WASHINGTON — Members of Congress announced on Monday that the Government Accountability Office (GAO) has agreed to investigate the abortion provider Planned Parenthood and other organizations of a similar nature to analyze their use of taxpayer funds as allocated by the federal government.
Representatives Pete Olson of Texas, Diane Black of Tennessee, Chris Smith of New Jersey and over 60 other members of Congress had requested in February that the watchdog agency investigate the organization to find out how the funds of the American people are being spent. This week, Congress announced that the investigation will indeed go forward.
“The federal government providing funding to abortion providers is a serious problem in our nation,” Black asserted in a statement. “I am pleased with the decision from GAO to investigate the use of taxpayer money designated to any abortion provider, particularly Planned Parenthood. This independent study of how much and for what purpose these dollars are allocated to all abortion providers is necessary for Congress to ensure accountability and oversight.”
“Despite the best and slickest market branding money can buy, the stubborn fact remains that Planned Parenthood clinics are among the most dangerous places on earth for a child,” remarked Smith.
“It is deeply troubling that despite the fact that Planned Parenthood claims direct responsibility for killing over 6 million unborn babies–including a record 333,964 abortions in 2011 alone, they still receive taxpayer money–since Obama’s election and U.S. subsidies to the abortion industry at home and abroad, have significantly increased,” he added.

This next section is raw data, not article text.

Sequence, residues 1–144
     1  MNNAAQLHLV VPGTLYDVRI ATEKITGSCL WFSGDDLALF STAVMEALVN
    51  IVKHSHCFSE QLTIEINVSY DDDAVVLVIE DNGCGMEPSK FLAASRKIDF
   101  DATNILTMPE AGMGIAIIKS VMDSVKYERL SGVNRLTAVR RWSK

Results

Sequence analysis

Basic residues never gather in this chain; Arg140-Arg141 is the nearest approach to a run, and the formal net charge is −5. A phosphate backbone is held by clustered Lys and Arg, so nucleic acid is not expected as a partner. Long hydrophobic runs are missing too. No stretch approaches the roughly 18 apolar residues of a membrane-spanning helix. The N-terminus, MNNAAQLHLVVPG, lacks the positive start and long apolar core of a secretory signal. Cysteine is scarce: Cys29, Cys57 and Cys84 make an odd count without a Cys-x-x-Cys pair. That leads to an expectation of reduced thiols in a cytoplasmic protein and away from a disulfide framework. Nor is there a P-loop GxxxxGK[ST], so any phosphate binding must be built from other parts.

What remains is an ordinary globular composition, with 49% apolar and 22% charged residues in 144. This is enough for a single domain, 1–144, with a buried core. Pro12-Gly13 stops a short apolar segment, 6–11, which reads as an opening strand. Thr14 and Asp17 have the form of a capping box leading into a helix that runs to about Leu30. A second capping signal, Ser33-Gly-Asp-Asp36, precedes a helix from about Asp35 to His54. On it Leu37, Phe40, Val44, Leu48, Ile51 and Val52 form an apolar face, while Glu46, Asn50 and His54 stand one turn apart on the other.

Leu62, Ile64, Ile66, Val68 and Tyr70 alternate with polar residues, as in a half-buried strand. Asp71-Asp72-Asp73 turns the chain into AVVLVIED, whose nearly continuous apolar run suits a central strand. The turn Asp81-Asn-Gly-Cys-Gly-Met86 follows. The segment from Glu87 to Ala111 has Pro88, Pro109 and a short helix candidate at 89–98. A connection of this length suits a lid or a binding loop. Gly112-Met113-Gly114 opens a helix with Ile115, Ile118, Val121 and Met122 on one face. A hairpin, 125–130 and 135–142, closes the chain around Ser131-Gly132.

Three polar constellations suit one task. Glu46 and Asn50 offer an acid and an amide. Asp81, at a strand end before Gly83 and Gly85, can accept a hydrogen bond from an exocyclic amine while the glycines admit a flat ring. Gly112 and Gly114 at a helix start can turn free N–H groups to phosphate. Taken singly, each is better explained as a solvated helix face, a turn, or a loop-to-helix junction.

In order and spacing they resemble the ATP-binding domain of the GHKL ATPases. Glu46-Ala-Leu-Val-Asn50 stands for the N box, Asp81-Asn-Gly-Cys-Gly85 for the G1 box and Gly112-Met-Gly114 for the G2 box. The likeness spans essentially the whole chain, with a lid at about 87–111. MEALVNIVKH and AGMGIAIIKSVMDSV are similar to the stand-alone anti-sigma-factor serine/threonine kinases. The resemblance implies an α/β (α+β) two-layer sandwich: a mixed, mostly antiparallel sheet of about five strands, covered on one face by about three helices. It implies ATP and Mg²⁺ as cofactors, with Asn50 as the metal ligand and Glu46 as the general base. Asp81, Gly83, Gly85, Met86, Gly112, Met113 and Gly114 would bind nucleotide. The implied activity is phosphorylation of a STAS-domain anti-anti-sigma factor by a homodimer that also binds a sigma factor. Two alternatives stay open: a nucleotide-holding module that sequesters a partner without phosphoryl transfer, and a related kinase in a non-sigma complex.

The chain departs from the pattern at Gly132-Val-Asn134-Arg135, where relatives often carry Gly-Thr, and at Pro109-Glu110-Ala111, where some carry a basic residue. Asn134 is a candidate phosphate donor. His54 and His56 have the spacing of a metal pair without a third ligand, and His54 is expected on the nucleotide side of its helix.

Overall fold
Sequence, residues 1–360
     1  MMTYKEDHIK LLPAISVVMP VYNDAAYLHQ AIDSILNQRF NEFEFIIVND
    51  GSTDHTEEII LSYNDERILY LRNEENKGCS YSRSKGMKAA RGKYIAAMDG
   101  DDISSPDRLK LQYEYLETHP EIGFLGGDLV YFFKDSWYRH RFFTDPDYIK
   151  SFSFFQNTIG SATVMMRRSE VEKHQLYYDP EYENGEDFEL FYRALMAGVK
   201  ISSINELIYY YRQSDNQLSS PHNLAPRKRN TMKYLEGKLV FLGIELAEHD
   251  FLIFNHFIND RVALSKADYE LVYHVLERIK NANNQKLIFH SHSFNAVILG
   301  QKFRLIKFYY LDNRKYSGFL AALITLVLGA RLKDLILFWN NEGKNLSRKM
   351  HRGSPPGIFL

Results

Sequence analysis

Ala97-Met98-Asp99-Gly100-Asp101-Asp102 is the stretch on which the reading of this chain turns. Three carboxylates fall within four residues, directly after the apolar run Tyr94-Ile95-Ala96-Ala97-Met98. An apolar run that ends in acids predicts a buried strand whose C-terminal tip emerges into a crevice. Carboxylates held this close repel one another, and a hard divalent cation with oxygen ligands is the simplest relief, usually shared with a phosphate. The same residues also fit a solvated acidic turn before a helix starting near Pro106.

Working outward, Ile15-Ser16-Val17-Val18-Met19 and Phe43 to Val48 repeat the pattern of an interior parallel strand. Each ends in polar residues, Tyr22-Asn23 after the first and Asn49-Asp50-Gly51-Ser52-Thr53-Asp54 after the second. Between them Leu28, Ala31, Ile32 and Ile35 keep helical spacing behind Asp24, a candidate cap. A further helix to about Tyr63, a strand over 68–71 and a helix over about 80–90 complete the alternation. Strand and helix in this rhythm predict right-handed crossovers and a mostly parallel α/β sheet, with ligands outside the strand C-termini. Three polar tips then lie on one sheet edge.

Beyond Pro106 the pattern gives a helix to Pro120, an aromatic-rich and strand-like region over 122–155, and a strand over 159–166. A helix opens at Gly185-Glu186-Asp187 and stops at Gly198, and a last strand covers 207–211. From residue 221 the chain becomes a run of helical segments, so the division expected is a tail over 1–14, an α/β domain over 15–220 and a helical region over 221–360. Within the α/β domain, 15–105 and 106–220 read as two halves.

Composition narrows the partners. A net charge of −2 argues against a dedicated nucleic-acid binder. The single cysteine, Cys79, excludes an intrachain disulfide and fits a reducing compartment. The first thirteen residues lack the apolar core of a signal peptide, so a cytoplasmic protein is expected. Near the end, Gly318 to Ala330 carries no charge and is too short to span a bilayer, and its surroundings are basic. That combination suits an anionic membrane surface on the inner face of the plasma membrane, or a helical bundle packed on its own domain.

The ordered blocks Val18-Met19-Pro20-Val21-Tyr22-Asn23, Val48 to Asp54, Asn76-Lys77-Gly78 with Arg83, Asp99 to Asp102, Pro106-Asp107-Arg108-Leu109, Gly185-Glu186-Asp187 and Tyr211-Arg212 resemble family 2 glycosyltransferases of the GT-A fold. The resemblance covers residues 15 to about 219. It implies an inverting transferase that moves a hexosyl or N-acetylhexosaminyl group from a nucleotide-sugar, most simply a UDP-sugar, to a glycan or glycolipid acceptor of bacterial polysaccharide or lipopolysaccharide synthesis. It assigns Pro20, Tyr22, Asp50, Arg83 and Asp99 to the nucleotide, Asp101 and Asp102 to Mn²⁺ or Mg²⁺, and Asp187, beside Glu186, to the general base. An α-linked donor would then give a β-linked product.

According to reports, the GAO investigated Planned Parenthood and others as recent as 2010. However, new developments have raised concern, and Congress believes that the public is entitled to updated information. As previously reported, the Texas/Louisiana branch of Planned Parenthood was forced last month to repay $3.4 million in Medicaid funds after it had been sued by a former employee who alleged that the organization was cheating the system.
“The state’s investigation revealed that Planned Parenthood Gulf Coast improperly billed the Texas Medicaid program for products and services that were never actually rendered, not medically necessary, and were not covered by the Medicaid program–and were therefore not eligible for reimbursement,” Texas Attorney General Greg Abbott wrote in a statement announcing the settlement. “[S]tate investigators determined that Planned Parenthood Gulf Coast falsified material information in patients’ medical records in order to support fraudulent reimbursement claims to the Medicaid program.”
But the organization denied any wrongdoing. It claimed that it agreed to the settlement so as to keep legal costs low and focus on women’s health issues.
“Continuing this litigation in the hostile environment for women’s health would have ensured a lengthy and costly process that would have distracted our energies and required us to share the private medical information of thousands of women,” Planned Parenthood representative Rochelle Tafolla said in a statement on behalf of the organization. “We are ending this lawsuit in order to devote all of our time and energy to delivering high quality affordable health care.”
In addition to the investigation, Representative Black and Senator David Vitter of Louisiana have introduced the Title X Abortion Provider Prohibition Act into Congress in an effort to defund Planned Parenthood completely. While Vitter’s bill has struggled to obtain adequate support in the Senate, Black’s House proposal has received greater backing.
Other organizations that will be scrutinized by the GAO include the International Planned Parenthood Federation, the Population Council, The Guttmacher Institute, Advocates for Youth, and the Sexuality Information and Education Council of the United States.